Q Does a vegetarian or vegan diet provide sufficient protein?
A While it can be more challenging to eat enough protein when you’re either vegan or vegetarian, it’s perfectly possible. Legumes (chickpeas and beans), pulses (lentils and peas), soya products (miso, tofu), nuts and seeds are all good sources of non-meat protein.
Oily fish – salmon, trout, mackerel, herring, sardines, pilchards
Nuts and seeds – linseed, pumpkin seeds, walnuts
A Saturated fats, such as butter and animal fats, can increase our levels of LDL cholesterol, which can ultimately lead to heart disease. Instead, you can switch to vegetable-based mono- or polyunsaturated fats, such as olive, rapeseed and avocado oils.
• Use alternative seasonings, such as herbs, lemon juice and spices
• Wean yourself off the taste by gradually adding a little less salt to your food
• Taste your food as you cook and don’t automatically reach for the salt cellar
• Check the traffic light salt amounts on food labels.
Cheap meat pies and sausages
Cakes and biscuits
Sugar provides calories – 4 per gram – but they are empty calories, since sugar doesn’t contain any other nutrients. Too much sugar isn’t good for us, as it causes dental decay, may be a factor in the development of heart disease, it is linked to certain cancers and is suspected of having a bearing on low IQ. A diet high in sugar can also be a factor in promoting insulin resistance (insulin is the hormone that regulates blood sugar levels). This can mean that, over time, the effect that insulin has on the body is weakened, so that more and more insulin is needed to clear the body of unwanted sugars. Eventually this can lead to diabetes, and is one of the factors in the increasingly common adult condition called Syndrome X, a combination of diabetes, high blood pressure and obesity.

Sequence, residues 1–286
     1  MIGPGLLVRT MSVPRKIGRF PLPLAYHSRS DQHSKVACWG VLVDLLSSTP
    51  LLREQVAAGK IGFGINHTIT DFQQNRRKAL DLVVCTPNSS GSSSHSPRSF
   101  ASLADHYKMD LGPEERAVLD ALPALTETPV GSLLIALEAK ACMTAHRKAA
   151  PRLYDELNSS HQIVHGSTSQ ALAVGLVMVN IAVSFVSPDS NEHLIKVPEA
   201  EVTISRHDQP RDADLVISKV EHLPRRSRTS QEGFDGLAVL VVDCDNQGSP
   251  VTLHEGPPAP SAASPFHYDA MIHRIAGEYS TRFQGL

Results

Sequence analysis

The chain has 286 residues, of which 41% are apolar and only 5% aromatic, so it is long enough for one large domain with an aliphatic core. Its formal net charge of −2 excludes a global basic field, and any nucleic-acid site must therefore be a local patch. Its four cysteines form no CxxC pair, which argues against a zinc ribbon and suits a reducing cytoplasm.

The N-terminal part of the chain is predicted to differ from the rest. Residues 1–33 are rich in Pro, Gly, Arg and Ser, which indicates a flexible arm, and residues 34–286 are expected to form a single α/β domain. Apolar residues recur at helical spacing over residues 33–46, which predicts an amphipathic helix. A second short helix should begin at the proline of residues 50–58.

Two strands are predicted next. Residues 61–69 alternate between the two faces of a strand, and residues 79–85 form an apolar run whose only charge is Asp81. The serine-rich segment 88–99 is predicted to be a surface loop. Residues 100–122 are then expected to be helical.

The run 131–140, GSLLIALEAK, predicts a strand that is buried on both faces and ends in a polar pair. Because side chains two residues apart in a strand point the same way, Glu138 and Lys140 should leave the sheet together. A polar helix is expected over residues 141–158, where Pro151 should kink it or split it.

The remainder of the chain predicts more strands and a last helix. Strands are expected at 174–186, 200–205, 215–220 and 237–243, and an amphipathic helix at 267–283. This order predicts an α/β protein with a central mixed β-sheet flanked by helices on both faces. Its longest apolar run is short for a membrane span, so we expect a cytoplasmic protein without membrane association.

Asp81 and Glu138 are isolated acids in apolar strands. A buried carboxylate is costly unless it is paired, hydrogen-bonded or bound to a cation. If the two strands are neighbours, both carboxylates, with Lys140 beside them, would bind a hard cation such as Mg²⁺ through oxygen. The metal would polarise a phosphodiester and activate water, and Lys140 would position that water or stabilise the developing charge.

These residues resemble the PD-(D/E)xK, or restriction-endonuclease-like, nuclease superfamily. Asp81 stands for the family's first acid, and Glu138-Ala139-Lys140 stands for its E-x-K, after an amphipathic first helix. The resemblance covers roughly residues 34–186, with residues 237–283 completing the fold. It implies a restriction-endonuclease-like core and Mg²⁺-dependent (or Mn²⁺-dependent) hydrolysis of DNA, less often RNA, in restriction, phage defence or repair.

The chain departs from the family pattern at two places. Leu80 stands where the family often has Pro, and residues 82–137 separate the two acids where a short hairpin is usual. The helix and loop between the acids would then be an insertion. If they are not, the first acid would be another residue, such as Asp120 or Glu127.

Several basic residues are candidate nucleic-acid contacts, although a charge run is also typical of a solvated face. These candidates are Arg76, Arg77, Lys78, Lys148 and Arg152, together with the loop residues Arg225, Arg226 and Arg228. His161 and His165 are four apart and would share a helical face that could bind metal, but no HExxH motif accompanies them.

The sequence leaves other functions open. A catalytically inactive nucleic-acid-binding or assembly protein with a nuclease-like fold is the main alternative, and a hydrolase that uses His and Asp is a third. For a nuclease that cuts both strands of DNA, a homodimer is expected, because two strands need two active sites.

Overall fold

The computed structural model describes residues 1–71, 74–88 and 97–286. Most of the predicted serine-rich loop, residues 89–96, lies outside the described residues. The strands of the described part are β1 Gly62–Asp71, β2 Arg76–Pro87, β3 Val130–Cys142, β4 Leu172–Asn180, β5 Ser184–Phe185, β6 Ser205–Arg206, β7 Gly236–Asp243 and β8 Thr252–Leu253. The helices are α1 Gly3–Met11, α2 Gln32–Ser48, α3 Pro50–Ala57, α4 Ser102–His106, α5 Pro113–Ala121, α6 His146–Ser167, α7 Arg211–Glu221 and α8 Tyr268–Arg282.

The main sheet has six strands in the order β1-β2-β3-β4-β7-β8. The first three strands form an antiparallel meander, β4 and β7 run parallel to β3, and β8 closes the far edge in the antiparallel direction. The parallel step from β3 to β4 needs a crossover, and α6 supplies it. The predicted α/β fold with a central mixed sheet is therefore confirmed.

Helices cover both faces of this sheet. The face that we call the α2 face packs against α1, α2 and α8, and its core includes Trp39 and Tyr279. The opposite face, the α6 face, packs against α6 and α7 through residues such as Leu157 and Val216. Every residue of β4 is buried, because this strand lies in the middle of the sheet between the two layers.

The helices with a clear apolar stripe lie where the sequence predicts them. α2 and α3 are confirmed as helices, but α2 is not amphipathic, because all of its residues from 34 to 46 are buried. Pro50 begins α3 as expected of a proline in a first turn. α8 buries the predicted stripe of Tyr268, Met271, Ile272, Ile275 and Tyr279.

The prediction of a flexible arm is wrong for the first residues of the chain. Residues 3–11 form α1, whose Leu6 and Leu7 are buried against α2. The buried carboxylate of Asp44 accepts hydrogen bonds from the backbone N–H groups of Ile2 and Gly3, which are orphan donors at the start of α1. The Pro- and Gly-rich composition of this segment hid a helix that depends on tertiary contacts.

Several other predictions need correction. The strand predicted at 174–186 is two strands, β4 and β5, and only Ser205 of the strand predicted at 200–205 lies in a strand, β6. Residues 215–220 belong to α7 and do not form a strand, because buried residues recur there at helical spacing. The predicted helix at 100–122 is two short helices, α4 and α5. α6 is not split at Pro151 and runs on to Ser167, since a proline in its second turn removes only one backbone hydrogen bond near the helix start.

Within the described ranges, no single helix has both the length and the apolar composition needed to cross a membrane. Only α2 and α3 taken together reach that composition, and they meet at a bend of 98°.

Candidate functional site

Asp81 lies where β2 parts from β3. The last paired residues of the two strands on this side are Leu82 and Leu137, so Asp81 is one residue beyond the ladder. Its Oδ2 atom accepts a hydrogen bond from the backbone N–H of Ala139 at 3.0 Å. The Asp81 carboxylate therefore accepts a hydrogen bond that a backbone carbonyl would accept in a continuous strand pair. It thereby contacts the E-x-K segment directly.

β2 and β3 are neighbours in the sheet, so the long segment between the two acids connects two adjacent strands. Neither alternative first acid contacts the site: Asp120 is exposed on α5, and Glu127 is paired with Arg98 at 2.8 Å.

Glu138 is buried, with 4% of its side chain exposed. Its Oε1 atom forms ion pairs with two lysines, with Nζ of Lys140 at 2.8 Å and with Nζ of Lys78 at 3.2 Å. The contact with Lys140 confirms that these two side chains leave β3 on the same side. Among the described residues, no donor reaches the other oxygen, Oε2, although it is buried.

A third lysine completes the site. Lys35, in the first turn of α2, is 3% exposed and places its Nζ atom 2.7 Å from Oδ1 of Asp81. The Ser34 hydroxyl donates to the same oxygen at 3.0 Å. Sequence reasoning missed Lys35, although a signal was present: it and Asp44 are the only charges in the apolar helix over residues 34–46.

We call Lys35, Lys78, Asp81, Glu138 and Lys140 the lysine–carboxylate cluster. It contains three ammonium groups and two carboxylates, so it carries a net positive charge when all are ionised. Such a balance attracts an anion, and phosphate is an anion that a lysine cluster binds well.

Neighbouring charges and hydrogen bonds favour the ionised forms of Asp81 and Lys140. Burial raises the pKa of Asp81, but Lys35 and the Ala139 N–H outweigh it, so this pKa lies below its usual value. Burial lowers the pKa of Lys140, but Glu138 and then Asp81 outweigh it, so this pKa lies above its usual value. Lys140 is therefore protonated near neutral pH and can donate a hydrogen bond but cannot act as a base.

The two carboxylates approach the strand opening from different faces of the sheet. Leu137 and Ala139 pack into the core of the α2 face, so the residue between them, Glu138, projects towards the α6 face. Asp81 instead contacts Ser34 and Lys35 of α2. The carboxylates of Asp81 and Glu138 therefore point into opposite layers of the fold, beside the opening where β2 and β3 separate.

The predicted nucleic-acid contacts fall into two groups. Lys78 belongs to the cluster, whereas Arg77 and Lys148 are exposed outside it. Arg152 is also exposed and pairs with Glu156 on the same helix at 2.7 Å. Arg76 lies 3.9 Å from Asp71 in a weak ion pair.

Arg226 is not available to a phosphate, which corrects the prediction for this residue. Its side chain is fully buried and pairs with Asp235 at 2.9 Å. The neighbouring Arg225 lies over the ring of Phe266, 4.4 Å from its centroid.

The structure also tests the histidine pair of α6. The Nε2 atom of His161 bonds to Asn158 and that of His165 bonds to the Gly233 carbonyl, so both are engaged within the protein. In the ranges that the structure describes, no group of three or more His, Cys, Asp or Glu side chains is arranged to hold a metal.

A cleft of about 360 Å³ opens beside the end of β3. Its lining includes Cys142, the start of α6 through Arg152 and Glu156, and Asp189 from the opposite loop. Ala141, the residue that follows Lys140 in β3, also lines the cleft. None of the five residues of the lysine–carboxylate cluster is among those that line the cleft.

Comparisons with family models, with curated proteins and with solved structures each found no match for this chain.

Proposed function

GI is a ranking of foods from 0 to 100 according to how quickly each food will raise blood sugar levels (factors such as fibre, fat and protein content influence how quickly they are absorbed into the body).
High GI foods:
Honey; sugar of all sorts; chocolate; sweet still and fizzy drinks, bananas, watermelons, figs, dried dates and raisins; mashed potatoes, cooked carrots, squashes, parsnips and swedes; white and wholemeal bread; rye-based crispbreads; couscous, rice cakes and wholegrain cereals (including bran flakes); popcorn.
Medium GI foods:
Grapes, oranges, fresh dates, mangoes and kiwi fruits; raw carrots, sweetcorn, peas and potatoes (apart from mashed); white and wholegrain pasta; porridge and oatmeal; wholegrain rye bread (including pumpernickel); brown and white rice.
Low GI foods: